Zeina: adj. good or beautiful in northern Sudanese dialects of Arabic
When the word “Sudan” is heard one seldom thinks of anything but photos of Darfur from international media with the bleak images of dry land and women wrapped in multi coloured toubs at IDP camps. There are a few who may think of palm trees, or the River Nile. But there is a definite lack of visual references of Sudan as a whole. Following this line of thought I was inspired to go in search of Sudanese cultural icons beginning with the northern region of Sudan. The region has been written about for historical reasons such as the long trip south for the British infantry during the Mahdist revolution and the significance of Dongola “city on the bend of the Nile” as a half way point between Upper Egypt and Khartoum.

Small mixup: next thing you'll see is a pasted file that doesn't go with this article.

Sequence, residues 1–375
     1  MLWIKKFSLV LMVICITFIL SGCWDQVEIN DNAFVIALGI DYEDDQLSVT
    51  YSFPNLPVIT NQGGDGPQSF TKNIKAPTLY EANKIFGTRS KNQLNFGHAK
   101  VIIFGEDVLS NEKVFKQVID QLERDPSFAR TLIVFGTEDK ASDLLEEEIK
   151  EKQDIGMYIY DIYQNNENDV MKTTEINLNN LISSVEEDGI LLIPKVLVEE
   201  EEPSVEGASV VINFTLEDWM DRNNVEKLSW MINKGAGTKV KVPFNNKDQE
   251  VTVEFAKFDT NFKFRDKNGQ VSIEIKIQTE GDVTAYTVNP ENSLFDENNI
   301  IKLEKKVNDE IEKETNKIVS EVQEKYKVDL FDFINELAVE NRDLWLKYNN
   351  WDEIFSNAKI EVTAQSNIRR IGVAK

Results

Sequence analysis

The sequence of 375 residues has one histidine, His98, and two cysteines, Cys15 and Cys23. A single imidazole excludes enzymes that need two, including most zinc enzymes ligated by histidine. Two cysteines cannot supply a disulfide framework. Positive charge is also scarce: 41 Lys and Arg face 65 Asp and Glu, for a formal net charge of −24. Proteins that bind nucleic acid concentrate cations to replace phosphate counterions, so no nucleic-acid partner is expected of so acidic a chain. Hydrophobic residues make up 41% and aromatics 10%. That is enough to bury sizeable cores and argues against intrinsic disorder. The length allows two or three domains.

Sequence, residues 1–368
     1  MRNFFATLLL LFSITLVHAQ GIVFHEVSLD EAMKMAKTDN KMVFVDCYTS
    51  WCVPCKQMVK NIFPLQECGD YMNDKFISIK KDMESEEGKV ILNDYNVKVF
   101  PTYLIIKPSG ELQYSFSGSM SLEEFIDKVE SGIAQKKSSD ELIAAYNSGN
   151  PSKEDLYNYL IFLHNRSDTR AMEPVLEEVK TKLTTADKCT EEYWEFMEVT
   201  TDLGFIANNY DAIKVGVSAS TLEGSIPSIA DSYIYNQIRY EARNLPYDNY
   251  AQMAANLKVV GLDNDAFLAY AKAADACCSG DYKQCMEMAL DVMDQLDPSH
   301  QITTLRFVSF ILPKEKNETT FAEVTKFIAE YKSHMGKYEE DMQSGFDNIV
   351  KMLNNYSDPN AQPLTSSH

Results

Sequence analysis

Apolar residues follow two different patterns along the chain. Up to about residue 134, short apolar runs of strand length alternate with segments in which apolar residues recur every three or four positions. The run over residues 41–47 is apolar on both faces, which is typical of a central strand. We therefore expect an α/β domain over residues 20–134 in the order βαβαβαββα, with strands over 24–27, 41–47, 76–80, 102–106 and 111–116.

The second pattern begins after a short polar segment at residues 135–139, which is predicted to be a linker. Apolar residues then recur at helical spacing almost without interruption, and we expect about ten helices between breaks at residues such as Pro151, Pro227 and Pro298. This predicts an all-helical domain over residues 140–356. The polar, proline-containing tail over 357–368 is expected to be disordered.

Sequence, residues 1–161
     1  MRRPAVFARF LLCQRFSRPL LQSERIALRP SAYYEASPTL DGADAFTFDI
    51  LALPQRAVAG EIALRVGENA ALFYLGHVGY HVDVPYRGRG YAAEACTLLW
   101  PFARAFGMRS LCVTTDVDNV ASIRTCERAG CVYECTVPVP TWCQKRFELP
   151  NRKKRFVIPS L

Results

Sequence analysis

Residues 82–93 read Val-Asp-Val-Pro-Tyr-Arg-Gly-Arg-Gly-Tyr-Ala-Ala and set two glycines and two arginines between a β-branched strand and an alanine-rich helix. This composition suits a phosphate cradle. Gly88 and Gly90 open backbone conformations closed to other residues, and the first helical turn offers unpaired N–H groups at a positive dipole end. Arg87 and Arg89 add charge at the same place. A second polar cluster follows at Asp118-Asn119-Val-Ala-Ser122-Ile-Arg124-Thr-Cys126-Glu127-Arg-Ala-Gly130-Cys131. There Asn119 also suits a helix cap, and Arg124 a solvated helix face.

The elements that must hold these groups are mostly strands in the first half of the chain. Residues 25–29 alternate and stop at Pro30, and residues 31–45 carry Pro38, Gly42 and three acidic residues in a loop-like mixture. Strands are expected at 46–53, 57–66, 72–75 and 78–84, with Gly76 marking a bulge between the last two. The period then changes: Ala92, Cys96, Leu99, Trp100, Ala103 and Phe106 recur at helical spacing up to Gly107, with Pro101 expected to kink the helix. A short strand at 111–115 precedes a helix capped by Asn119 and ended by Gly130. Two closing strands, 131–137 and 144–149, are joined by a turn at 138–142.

In 2007-2008, I initiated and completed Zeina: A Photo Iconography, which successfully identified and introduced positive visual icons of the Northern State in Sudan. This major undertaking further solidified my commitment to building my career as a Sudanese photographer. Zeina, a collection of symbols and portraits, represents the Northern State known as “Alshamaliya” in its current day while honouring its ancient Nubian heritage.
The project resulted in a week-long exhibition at the Waterloo Gallery, London, in April 2008, a two-week exhibition at the Petrie Museum of Egyptian Archaeology, University College London (UCL), in May 2008, and a one-day exhibition at the Brunei Gallery, School of Oriental and African Studies, London, in May 2008. My exhibitions were publicised in London publications such as Time Out, the Evening Standard, and by the respective venues. The exhibitions in London targeted audiences with a general interest in Sudan as well as those who have lived and worked there, including the Sudanese diaspora. In December 2008 the collection was exhibited at Universal Cafe’s gallery in Khartoum.
Click here to view a slide show of Zeina-Icons